After Israel trip, participants reflect on Gaza flotilla raid

By David Baugher, Special to the Jewish Light

If Bill Young needed an exclamation point to make his trip to Israel and the ongoing problems it highlighted more personal, the recent Gaza flotilla raid certainly could play that role.

“It had great meaning for me because I was just there. It was miles from where we were,” said Young, president and COO of Buford, Dickson, Harper & Sparrow. “That’s pretty intense.”

Young was part of five St. Louisans taking part in a trip to the Jewish State sponsored by the American Israel Public Affairs Committee. The group returned from the visit, which included a trip to the Gaza border, on May 17, just two weeks before a raid by Israeli soldiers on a Turkish-flagged convoy turned deadly. Nine were killed in the incident in which Israeli forces boarded the vessel as it tried to run the nation’s blockade of Gaza. The killings have drawn condemnation from sources worldwide, particularly Turkey. Israel has maintained that its troops acted in self-defense after being attacked with clubs and knives.


Interviewed after Wednesday’s open meeting, in which the group spoke to a few dozen attendees at the Urban League of Metropolitan St. Louis, the participants had varying reflections on the raid’s meaning. Young said he had interacted with residents in a number of border towns and could see why there was such concern about he situation in nearby Gaza, long used as a base for launching attacks on neighboring Israeli villages.

“The intensity of the people worried about rockets coming over is something you could cut with a knife,” Young said. “So I understood from a military perspective why it was done – because of the fear of weapons coming in.”

Rev. Earl Nance, Jr., pastor of the Greater Mt. Carmel Missionary Baptist Church, said the incident had clearly clouded the Jewish State’s image.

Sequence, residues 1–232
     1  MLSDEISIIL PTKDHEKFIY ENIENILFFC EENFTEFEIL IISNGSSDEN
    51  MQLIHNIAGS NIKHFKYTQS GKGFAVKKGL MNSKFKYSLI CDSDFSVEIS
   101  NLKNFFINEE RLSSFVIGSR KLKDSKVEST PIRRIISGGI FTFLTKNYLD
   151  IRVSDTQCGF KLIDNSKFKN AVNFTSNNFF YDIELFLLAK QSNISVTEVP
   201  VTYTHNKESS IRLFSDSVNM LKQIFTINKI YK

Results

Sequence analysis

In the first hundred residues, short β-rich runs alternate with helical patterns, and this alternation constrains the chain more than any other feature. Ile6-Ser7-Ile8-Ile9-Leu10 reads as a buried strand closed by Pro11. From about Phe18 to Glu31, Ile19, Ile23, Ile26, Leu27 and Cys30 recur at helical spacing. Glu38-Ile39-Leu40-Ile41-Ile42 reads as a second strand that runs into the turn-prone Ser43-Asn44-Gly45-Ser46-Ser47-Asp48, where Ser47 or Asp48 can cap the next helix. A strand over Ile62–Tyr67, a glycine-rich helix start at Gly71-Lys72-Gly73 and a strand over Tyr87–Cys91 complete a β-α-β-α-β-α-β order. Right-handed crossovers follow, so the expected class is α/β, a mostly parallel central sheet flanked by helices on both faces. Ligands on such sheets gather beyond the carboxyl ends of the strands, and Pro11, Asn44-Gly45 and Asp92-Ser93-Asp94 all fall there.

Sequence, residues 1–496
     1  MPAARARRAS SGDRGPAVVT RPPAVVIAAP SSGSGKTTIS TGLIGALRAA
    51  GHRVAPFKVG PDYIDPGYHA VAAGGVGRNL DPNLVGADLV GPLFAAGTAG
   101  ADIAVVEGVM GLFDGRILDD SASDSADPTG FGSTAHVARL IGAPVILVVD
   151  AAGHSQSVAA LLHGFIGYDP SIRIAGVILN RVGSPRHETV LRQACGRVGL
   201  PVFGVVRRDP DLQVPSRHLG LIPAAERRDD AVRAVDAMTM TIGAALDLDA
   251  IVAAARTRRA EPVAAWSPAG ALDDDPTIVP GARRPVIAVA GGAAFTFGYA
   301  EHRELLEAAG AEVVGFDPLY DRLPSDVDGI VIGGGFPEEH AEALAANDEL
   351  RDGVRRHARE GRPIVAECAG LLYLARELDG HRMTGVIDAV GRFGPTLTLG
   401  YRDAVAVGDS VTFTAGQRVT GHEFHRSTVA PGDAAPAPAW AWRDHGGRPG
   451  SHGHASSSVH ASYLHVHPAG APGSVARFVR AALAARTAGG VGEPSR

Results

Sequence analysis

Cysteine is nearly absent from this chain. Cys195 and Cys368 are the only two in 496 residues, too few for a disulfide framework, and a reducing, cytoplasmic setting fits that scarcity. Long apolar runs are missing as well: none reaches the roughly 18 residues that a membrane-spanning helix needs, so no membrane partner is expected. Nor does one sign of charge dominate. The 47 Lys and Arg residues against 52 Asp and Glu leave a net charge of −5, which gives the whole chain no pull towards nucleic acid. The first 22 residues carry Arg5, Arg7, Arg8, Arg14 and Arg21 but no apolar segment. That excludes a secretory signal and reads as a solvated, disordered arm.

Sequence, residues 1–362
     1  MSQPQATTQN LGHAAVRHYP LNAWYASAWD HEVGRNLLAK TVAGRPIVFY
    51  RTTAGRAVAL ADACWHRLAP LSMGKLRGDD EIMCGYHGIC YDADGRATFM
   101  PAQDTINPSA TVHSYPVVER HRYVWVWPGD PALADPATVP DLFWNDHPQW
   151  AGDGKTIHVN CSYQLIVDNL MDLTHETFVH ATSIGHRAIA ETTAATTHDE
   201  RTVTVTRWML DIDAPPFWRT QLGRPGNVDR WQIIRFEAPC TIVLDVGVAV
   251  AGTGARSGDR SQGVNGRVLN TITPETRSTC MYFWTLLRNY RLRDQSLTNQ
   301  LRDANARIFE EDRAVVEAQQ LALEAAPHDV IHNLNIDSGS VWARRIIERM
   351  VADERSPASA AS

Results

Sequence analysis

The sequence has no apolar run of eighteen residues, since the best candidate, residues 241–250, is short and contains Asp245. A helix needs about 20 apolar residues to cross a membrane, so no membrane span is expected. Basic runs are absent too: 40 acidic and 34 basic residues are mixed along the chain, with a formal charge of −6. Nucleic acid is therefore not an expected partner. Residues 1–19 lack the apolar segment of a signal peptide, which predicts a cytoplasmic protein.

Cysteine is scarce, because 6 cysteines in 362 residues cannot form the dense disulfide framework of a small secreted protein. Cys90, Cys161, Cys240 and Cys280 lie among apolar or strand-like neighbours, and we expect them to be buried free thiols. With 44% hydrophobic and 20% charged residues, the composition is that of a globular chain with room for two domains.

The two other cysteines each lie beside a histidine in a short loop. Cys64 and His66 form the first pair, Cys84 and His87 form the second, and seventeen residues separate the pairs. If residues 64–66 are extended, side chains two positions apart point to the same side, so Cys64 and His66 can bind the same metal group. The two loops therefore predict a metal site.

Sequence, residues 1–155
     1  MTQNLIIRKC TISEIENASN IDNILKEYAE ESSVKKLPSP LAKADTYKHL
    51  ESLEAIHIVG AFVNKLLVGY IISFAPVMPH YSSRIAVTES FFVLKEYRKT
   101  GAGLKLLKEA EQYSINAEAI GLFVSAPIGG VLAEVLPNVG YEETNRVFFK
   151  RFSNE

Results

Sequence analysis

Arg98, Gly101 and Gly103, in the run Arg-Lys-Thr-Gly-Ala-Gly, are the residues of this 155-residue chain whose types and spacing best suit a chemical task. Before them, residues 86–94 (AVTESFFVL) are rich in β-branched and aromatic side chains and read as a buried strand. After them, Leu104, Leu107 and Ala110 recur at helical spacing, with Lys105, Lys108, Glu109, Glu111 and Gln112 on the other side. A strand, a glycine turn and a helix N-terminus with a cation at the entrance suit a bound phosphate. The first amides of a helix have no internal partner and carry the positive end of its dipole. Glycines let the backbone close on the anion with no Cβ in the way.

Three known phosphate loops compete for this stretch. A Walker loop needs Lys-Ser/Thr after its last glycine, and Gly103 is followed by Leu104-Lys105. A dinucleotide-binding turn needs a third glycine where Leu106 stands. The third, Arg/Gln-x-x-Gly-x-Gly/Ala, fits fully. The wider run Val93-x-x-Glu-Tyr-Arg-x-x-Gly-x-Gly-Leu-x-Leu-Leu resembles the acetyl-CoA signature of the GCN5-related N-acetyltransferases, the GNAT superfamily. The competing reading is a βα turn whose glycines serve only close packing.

“It brought to mind what I heard Benjamin Netanyahu say, that everyone agrees that Israel has the right to defend itself but when they do they are criticized for it,” he said. “There’s a perception problem there with how Israel responds to those kinds of perceived attacks and that has to be dealt with.”

James Buford, president and CEO of the Urban League of Metropolitan St. Louis, said he understood the need to stem the flow of weapons to the area though he said he wished the convoy could have been blocked rather than boarded.

“I don’t disagree with them stopping it,” he said. “I disagree with the manner in which they did it.”

He said he thought that perhaps the raid might provide a chance to look at the larger situation in the region.

“This may be an opportunity to revisit the Gaza Strip situation because it’s certainly hurting Israel in world opinion and it doesn’t seem to be stopping the anger and the infiltration of weapons,” he said. “Experts greater than I have said that the Gaza quarantine is not working in terms of the security of Israel and maybe another approach needs to be taken to secure that area.”

Still, Buford said that he understood the Jewish State’s difficult position and said the nation had a legitimate reason to block the ship.

“I think Israel had the right to stop that flotilla, to keep them from entering the waters if they were potentially a threat to Israel,” he said. “You can’t just let boats, whether it’s a flotilla or an army, come onto your land in an area that was agreed to be secure and compromise it.”

The Rev. E. G. Shields, senior pastor at Mt. Beulah Missionary Baptist Church and president of the St. Louis Clergy Coalition, also reaffirmed Israel’s right to defend itself.

“I think Israel will continue to inspect those ships and they have a right to do that because if weapons are being smuggled into the Gaza Strip they have a right to see to their own safety,” he said. “Having been there I don’t have any reason to doubt that they were provoked but it’s unfortunate and I hope that as other flotillas come through we don’t have a repeat of the same thing,” he said.

Rev. Emery Washington, Sr., a retired priest and member of the Episcopal Church of the Holy Communion, said that it was difficult to tell who was right and wrong from the grainy footage of the incident shown on television.

“I couldn’t make out very much from the pictures I saw so I really don’t have any idea of what happened,” he said, “except that I do know that Israel is very anxious and it seemed as though they had given warning to Turkey and they didn’t heed the warnings. It’s life and death with them – they had to react, so I can understand that.”

Young echoed that feeling.

“Was it overboard?” he said. “Who knows? We weren’t there.”